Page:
Citing other sources or your own previous work is, of course, permitted, but both direct and indirect quotations must always be accompanied by complete and accurate references. Copying or paraphrasing a short or long section of text without indicating the source is prohibited and considered plagiarism. Using your own texts that have been produced in a different context without including proper references is considered self-plagiarism.

An example of plagiarism is to copy a text verbatim or almost verbatim (this also includes parts of a text or single sentences) without indicating the source. Presenting other people’s texts as if they were your own can also be considered plagiarism. Examples of other people’s texts include course literature, texts that you have found online or a fellow student’s take-home exam.

The Department of Child and Youth Studies uses the text comparison tool Urkund and complementary search engines. In this course, plagiarism checks are either performed on all student examinations or through random sampling. When students submit their assignments, they accept that the assignment may be run through the University’s text comparison tool. Checks are also made in cases of suspected plagiarism in individual texts.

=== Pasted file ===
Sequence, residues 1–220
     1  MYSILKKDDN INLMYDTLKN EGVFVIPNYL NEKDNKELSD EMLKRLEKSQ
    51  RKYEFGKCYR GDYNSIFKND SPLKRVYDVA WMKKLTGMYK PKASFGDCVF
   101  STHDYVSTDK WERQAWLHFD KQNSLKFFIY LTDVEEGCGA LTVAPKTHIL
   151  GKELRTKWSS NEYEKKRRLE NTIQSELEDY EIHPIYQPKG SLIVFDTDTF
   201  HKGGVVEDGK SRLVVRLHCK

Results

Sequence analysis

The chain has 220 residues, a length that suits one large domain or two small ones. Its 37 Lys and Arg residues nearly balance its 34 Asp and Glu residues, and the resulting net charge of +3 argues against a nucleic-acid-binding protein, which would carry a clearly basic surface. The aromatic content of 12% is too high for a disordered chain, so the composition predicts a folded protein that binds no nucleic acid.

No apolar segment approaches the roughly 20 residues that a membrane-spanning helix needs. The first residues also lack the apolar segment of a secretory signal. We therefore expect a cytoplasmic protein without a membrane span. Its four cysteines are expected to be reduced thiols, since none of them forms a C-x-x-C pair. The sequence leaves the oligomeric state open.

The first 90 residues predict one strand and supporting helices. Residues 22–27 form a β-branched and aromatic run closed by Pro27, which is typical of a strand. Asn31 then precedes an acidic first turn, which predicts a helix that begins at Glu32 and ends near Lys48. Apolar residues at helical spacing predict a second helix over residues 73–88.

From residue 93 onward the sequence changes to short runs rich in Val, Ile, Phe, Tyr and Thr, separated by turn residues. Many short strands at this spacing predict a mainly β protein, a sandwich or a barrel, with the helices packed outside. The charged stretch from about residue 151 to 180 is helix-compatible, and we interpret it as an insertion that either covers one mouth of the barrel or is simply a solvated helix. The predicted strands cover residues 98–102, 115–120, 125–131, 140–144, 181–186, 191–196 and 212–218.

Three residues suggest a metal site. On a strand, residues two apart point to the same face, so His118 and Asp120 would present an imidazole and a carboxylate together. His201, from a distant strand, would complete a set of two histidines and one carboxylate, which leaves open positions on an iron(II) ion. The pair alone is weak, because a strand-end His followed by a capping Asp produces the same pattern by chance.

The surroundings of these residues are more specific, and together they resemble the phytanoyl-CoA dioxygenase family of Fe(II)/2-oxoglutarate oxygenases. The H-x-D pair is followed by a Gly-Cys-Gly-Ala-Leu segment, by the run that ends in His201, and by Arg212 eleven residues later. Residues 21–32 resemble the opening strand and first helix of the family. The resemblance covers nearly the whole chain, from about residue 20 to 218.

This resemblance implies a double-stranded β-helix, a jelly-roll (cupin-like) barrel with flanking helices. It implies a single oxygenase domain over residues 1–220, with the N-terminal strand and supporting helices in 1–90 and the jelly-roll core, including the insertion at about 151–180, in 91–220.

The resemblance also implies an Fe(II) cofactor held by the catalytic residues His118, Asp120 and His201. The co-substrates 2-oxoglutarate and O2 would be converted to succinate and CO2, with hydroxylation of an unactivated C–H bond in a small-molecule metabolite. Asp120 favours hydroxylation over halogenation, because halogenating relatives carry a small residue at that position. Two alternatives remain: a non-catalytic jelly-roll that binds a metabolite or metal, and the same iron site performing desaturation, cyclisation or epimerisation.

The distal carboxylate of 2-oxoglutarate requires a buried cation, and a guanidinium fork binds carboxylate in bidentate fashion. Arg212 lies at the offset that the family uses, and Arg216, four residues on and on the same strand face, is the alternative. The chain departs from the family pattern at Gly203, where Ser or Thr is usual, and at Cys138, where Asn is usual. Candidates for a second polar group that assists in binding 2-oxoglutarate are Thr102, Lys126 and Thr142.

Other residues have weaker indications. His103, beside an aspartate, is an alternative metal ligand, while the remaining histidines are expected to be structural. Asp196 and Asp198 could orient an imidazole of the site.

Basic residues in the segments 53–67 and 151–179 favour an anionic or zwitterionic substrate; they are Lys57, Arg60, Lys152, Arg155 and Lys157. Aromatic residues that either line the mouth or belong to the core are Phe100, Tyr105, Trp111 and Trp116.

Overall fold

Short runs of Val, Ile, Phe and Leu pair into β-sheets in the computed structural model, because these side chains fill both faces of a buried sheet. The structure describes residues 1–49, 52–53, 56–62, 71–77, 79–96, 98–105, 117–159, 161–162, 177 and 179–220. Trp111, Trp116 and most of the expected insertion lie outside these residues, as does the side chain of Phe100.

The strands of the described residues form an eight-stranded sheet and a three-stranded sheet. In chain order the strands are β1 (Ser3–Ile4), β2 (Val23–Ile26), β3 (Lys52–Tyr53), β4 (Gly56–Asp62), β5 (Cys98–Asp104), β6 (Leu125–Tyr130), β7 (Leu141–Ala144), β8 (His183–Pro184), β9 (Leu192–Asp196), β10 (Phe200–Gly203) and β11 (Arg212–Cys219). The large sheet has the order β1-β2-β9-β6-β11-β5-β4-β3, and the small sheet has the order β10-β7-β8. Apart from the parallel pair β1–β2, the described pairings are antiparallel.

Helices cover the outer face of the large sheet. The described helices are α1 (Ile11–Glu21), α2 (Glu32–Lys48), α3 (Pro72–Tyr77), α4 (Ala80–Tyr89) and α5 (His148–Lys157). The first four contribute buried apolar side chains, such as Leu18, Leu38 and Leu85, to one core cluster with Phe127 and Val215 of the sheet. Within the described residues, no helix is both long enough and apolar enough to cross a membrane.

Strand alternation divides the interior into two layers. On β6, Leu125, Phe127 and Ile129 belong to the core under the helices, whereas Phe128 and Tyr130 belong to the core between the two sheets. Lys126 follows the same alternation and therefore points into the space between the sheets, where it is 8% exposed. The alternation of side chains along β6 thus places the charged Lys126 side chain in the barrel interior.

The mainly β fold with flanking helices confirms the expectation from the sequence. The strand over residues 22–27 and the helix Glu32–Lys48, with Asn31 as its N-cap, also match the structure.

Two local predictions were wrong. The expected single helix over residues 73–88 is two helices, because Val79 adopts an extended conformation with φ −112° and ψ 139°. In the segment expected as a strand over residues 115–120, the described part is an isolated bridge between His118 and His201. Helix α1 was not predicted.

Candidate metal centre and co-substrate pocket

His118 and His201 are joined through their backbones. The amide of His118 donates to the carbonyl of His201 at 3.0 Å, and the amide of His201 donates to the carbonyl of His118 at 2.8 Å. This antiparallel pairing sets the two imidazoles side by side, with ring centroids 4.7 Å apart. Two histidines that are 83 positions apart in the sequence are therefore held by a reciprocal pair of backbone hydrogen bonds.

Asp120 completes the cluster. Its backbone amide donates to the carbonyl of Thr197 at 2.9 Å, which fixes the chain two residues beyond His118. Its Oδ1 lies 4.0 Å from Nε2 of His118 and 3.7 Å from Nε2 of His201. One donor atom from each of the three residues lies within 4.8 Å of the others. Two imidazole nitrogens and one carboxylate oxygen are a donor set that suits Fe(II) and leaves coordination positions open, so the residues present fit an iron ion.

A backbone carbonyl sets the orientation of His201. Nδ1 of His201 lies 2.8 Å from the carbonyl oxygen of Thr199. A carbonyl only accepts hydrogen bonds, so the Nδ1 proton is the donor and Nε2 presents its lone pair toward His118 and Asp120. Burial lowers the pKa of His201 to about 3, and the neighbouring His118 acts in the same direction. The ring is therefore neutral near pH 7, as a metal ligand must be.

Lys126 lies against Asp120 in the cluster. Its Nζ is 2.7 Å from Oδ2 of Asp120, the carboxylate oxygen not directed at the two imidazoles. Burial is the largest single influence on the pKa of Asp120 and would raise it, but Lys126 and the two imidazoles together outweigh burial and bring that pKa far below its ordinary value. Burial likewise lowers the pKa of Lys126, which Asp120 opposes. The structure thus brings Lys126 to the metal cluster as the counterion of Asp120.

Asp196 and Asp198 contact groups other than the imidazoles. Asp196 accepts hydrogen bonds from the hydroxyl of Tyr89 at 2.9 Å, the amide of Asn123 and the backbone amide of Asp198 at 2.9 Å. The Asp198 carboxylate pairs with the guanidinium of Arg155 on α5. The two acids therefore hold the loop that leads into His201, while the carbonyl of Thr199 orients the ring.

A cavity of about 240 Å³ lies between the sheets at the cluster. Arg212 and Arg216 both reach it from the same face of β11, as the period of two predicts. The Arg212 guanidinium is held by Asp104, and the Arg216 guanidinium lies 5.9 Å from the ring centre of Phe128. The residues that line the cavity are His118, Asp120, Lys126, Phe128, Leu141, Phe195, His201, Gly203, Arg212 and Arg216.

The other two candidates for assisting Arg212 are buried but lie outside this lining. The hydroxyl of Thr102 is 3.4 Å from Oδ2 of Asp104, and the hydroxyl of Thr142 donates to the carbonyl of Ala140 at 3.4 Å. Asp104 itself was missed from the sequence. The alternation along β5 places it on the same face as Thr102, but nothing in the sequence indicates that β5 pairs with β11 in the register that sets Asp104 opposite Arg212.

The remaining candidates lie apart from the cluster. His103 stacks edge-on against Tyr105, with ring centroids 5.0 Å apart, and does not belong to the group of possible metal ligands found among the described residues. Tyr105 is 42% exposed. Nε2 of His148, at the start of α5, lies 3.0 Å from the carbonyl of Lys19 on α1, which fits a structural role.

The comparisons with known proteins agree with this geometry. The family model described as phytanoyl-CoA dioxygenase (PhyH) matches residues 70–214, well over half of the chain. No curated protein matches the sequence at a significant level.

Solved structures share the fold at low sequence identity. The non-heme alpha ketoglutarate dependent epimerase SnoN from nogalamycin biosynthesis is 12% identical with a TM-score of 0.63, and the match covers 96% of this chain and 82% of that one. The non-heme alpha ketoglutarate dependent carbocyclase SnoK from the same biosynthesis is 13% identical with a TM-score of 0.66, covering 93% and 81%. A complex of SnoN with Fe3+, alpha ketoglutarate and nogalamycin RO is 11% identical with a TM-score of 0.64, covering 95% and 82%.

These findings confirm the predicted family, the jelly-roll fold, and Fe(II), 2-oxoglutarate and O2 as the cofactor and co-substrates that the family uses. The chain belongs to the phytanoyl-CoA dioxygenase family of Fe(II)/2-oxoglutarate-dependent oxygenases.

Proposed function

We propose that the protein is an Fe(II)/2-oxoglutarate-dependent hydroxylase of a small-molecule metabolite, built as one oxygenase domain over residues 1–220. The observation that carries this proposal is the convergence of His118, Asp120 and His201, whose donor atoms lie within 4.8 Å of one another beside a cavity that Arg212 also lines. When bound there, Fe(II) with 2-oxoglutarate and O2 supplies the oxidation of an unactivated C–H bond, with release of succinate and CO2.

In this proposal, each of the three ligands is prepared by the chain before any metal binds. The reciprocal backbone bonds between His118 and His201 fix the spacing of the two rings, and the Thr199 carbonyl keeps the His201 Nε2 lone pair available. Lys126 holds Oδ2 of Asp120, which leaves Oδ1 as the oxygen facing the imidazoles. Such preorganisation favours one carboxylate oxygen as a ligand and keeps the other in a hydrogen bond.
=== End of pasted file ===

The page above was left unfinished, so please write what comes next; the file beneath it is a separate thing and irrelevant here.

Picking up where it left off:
Plagiarising your own or other people’s texts is considered cheating and is always subject to disciplinary action, which may include suspension. Teachers are required to report well-founded suspicions of cheating and plagiarism to the head of department.

Rules & Regulations at Stockholm University describes how disciplinary matters are handled.

Recommended link: Anti-plagiarism guide